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Child killings ‘halved in decade’
The number of child murders in England and Wales has halved in the last decade, according to an analysis of official figures.
Despite current concerns about child killings in the wake of Wednesday night’s shooting of Rhys Jones in Liverpool, a charity said Home Office data showed a fall in such crimes.
The Centre for Crime and Justice Studies (CCJS) said in 1995, there were 63 children aged one to 15 recorded as homicide victims by police.
By 2005/06 – the most up-to-date figures available – the total fell to 31.
The trend was different for babies under 12 months, however, with the figure of 17 recorded as murder victims in 1995 rising to 24 in 2005.
The CCJS added that the age group which experienced the most significant rise in the risk of being a murder victim was the 16 to 49s, up from 429 in 1995 to 513 in 2005/06.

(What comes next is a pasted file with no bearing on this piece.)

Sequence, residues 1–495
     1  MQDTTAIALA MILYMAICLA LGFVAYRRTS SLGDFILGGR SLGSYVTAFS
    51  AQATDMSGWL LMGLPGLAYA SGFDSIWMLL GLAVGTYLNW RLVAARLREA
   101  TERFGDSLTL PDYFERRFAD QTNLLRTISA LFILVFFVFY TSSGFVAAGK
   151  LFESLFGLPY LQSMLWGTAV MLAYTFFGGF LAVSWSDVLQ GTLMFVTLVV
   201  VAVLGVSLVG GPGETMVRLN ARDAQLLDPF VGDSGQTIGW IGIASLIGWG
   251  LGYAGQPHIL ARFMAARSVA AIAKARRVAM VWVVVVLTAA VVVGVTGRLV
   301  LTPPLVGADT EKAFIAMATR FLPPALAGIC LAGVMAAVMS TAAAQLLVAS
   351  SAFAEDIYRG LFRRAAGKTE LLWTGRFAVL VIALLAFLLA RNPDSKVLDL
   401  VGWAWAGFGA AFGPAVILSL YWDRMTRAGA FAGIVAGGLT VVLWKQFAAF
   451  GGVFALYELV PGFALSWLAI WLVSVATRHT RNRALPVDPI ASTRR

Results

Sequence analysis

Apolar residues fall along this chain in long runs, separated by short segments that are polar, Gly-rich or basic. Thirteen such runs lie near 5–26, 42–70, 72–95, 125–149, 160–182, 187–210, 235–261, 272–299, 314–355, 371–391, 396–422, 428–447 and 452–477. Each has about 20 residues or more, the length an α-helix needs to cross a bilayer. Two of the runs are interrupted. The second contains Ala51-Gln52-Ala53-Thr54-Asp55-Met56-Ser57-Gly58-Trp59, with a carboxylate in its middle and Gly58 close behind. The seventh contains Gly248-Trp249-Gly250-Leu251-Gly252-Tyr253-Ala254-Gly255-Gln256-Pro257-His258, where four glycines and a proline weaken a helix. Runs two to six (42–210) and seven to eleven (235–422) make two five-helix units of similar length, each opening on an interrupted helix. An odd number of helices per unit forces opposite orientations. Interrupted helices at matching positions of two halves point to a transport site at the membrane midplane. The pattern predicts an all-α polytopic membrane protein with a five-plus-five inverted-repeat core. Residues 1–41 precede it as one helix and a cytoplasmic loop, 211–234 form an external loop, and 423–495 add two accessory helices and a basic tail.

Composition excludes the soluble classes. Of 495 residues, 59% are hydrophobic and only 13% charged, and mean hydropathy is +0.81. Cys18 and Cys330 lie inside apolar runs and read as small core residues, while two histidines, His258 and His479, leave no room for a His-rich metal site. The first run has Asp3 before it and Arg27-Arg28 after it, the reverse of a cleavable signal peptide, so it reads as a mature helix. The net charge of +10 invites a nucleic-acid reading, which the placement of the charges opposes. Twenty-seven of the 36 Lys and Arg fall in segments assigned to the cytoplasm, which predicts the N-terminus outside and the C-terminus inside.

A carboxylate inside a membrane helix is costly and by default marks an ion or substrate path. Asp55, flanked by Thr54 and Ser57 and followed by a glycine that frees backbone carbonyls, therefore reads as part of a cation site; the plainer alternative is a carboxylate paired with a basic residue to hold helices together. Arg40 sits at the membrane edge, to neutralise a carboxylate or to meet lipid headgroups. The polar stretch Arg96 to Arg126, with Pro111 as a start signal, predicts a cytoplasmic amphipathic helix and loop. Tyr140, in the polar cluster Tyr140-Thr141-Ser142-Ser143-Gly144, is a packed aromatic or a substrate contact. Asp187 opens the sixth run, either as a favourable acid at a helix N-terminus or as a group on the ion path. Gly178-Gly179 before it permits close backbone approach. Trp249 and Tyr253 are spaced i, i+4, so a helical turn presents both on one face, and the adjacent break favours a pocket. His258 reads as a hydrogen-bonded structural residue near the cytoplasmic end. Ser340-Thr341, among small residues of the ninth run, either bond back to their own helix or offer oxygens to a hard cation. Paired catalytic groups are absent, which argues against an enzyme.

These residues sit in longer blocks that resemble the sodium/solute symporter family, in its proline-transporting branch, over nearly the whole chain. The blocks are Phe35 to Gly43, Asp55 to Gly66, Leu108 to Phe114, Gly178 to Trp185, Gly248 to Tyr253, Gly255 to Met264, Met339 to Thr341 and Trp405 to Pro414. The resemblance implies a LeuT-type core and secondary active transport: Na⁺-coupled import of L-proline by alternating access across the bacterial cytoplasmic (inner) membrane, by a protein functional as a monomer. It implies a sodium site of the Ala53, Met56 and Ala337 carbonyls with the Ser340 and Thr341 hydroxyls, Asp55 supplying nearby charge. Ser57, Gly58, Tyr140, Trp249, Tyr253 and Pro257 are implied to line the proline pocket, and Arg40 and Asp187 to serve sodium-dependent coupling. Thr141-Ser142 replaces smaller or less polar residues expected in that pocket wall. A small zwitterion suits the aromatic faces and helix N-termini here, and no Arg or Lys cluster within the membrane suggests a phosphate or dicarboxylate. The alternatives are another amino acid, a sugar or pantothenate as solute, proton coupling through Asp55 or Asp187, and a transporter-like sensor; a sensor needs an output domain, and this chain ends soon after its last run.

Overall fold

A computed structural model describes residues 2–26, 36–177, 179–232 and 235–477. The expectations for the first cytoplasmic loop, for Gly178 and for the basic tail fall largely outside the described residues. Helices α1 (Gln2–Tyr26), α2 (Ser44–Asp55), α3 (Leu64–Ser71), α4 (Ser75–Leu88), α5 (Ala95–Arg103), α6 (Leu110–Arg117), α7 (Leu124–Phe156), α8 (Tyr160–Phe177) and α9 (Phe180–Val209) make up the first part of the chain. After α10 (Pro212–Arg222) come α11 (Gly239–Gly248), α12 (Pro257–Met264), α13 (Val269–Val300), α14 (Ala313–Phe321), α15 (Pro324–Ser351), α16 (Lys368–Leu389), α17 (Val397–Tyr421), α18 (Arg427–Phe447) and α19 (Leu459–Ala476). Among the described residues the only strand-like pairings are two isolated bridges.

CCJS director Richard Garside said: “Despite the common perception, fewer children were victims of homicide last year than was the case a decade ago. We do not yet have reliable data to tell us if the recent killings of children and young people represents a reversal of this downward trend, or whether the reporting of such incidents simply makes it appear that way.
“What will shock many people is the sad fact that babies under one remain the age group most at risk of violent death at the hands of another.”
He added: “While overall homicide levels have stabilised in recent years following a rising trend during the 1980s and 1990s, they are at much higher levels than was the case a generation ago.
“Today in Britain, 200 to 300 more of our fellow citizens meet a violent death than was the case in the mid 1970s.
There is growing evidence of a strong link between rising levels of poverty and inequality and the increased rates of homicide.”
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